- Someone telling me where and when I needed to be every day.
- Inane office politics
- 80+ hour high-stress work weeks
- Enduring 1-hour commutes for the next 45 years
- The value of my labor going to some rich jackass who happened to own a company
More than anything, these jobs seemed like fast tracks to dull mediocrity. I decided I couldn’t live my finite life in such an unfulfilling fashion.
So getting a better job was not the answer.
Start an online business?
After dismissing the last 2 ideas, I began thinking about using the superpower every one of us has: internet access.
I’m not kidding. Having access to the internet is basically a superpower. It gives you abilities that nothing else could:
- The ability to communicate with anyone at any time
- The ability to purchase anything and send it anywhere.
- The ability to make money without ever leaving your bedroom.
This last ability was of particular interest to me. Make money on my laptop? It seemed like a potential answer to my problem.
But it also sounded a bit far-fetched. There was no way you could make good money working on the internet. If there was, everyone would be doing it… right?
Testing the waters
I decided to start with the most straightforward way of making money online: selling my stuff.
I rifled through my belongings, looking for something valuable. Near the back of my closet, I uncovered a few old Nintendo games I played as a kid. I snapped a few pictures, listed them for sale on eBay, and waited.
They sold within minutes.
I ended up making more money that day than I had all week working. Thrilled at the immediate profits, I began trawling through my stuff for things to sell.
Once I had offloaded all of my nonessential items of value, I began using my days off of work to scavenge garage and estate sales, looking for more stuff to sell. I scrounged up a few more items worth selling, but quickly found myself in need of additional stock.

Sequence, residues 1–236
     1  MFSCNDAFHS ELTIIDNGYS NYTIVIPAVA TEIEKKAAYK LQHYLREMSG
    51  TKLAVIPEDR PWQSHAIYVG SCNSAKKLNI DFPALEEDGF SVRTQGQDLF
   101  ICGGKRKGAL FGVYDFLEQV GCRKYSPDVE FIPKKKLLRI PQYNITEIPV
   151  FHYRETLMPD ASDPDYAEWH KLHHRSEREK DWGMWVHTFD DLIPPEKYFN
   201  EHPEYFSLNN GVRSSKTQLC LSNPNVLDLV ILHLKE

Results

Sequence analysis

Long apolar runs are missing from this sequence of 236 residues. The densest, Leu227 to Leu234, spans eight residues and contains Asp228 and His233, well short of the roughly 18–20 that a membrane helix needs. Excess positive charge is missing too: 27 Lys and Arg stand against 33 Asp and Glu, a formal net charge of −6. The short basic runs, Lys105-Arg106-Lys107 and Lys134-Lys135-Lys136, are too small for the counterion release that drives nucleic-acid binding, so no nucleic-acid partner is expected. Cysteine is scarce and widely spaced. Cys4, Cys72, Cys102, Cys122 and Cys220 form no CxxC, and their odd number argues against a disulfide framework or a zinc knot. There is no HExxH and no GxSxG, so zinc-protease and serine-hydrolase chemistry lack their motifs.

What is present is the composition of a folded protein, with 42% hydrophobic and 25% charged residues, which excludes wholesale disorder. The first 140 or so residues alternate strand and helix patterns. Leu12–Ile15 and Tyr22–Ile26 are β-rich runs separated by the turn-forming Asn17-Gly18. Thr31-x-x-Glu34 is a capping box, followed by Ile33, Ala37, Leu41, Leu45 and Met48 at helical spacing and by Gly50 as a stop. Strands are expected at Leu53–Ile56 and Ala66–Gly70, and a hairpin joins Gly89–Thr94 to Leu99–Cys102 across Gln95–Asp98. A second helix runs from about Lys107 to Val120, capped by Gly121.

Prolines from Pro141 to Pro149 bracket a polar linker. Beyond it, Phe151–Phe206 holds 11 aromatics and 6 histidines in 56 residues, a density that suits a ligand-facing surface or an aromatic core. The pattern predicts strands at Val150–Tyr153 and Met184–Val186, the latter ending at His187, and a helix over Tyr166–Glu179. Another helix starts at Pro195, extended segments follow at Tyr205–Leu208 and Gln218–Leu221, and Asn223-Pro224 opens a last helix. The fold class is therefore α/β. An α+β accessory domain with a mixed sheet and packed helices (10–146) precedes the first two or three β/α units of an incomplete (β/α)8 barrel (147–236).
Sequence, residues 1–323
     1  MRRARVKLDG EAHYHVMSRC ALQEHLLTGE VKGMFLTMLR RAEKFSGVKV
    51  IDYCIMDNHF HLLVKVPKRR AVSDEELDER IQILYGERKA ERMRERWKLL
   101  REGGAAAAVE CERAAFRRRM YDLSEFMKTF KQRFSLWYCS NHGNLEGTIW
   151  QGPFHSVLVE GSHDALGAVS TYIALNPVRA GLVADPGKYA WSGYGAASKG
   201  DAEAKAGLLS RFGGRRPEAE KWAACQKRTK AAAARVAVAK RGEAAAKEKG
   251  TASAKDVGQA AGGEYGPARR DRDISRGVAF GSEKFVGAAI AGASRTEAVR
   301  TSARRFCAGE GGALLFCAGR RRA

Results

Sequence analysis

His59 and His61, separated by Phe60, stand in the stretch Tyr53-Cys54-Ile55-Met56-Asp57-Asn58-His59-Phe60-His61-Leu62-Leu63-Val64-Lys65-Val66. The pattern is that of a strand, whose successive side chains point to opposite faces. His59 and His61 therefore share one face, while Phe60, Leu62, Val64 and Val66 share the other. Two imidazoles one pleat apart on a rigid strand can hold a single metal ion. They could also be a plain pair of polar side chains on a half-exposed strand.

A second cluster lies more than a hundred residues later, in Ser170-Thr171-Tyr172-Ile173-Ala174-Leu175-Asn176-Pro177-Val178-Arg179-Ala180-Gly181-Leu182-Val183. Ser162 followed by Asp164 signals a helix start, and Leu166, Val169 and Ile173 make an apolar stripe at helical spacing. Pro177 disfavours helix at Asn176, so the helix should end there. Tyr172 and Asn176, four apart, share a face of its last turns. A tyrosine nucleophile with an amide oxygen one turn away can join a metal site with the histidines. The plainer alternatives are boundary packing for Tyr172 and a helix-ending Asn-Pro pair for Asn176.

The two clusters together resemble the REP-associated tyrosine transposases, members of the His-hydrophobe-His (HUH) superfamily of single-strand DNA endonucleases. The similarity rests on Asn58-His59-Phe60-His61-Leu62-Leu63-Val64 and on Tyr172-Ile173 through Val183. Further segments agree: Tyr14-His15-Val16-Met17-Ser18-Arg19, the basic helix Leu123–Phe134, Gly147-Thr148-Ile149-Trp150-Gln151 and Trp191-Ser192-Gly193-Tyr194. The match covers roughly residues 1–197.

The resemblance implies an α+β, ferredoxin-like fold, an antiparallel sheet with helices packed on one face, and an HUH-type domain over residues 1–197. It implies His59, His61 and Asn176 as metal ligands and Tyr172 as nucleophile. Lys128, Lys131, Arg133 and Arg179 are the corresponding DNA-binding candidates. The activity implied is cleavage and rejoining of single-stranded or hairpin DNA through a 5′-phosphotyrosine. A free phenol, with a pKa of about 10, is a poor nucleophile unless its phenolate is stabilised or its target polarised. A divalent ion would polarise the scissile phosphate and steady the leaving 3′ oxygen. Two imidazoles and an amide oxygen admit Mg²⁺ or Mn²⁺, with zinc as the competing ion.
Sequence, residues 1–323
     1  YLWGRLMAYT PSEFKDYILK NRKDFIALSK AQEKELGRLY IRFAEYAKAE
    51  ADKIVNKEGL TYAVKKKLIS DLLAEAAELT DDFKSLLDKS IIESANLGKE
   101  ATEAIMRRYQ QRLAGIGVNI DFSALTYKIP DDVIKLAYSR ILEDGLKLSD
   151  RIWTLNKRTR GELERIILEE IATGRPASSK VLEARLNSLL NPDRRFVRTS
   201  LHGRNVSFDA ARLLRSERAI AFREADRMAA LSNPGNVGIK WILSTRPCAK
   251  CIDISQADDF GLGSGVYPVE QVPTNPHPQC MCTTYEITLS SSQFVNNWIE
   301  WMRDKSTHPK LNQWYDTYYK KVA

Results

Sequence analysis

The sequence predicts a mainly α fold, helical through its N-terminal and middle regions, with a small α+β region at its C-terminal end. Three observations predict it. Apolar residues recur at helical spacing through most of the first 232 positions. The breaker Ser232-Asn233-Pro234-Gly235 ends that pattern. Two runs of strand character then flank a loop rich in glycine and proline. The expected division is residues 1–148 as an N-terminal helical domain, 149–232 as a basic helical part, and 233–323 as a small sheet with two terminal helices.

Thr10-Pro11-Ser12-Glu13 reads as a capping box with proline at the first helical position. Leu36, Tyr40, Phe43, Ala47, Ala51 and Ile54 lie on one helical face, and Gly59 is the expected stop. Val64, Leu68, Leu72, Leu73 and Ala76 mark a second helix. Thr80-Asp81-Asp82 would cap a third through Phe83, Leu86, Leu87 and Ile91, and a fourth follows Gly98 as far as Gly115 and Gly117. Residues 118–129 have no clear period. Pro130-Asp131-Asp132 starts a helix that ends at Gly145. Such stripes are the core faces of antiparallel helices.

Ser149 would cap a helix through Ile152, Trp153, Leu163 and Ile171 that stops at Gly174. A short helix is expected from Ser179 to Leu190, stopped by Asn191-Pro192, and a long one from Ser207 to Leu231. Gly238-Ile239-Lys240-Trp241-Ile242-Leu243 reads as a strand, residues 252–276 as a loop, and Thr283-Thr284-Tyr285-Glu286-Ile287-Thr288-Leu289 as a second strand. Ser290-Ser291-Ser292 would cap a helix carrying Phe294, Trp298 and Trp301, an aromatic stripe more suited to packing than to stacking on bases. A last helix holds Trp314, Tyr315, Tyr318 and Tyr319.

I spent most of my off-days driving to garage sales and estate sales. It wasn’t making me rich, but eBay selling was clearly a decent method of earning extra cash.
It wasn’t enough that I could quit my job though. I also found myself resenting the amount of work I had to put in just to sell a single item. Every time I wanted to make some money, I had to go through an exhaustive list of actions, all of which required my physical presence in a specific location. I had to list and ship every item myself. That alone takes a ton of time. Add on the time needed to find things to sell, and you’re racking up a bunch of hours for not much return.
There had to be a better way to do this.
Ironically, the answer came to me at the job I was trying to leave. The library had a “$.10 per book” shelf to sell older books that weren’t circulating. On a whim, I walked over to the shelf and looked one up one of the books on Amazon.
I found the $.10 book in my hands was selling for over $80. I was stunned. I then went down the row of books, and found many of the books showed similar profits. The 15 or so books were worth about $500, and the lot was selling for $1.50.
I didn’t know the first thing about selling books on Amazon, but that didn’t stop me from buying out the whole shelf and quitting my job that very day.
Onward and upward
I’ll finish this story here. You already know how it ends.
Here’s my honest recommendation: if you hate your job, consider starting an online bookstore using Amazon’s Fulfillment program.
- You can start with $200 and see $100,000+ sales within a year.
- It’s an easy, stress-free way to earn a living.
- You get the freedom of being your own boss and working from home.
Running an online bookstore isn’t for everyone. But it’s way better than the vast majority of jobs out there. No matter what you decide, I wish you luck.